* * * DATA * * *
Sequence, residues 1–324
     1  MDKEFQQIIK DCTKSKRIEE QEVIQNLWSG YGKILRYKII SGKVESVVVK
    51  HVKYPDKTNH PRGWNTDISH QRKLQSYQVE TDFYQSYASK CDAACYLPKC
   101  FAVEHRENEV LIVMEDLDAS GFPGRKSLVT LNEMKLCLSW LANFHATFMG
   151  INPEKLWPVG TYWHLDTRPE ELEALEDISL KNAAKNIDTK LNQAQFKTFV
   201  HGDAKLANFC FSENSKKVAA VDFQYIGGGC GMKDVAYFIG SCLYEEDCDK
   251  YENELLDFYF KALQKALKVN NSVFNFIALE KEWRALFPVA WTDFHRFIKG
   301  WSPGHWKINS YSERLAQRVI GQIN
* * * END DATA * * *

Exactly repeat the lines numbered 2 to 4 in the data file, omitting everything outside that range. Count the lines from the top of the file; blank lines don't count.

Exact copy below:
     1  MDKEFQQIIK DCTKSKRIEE QEVIQNLWSG YGKILRYKII SGKVESVVVK
    51  HVKYPDKTNH PRGWNTDISH QRKLQSYQVE TDFYQSYASK CDAACYLPKC
   101  FAVEHRENEV LIVMEDLDAS GFPGRKSLVT LNEMKLCLSW LANFHATFMG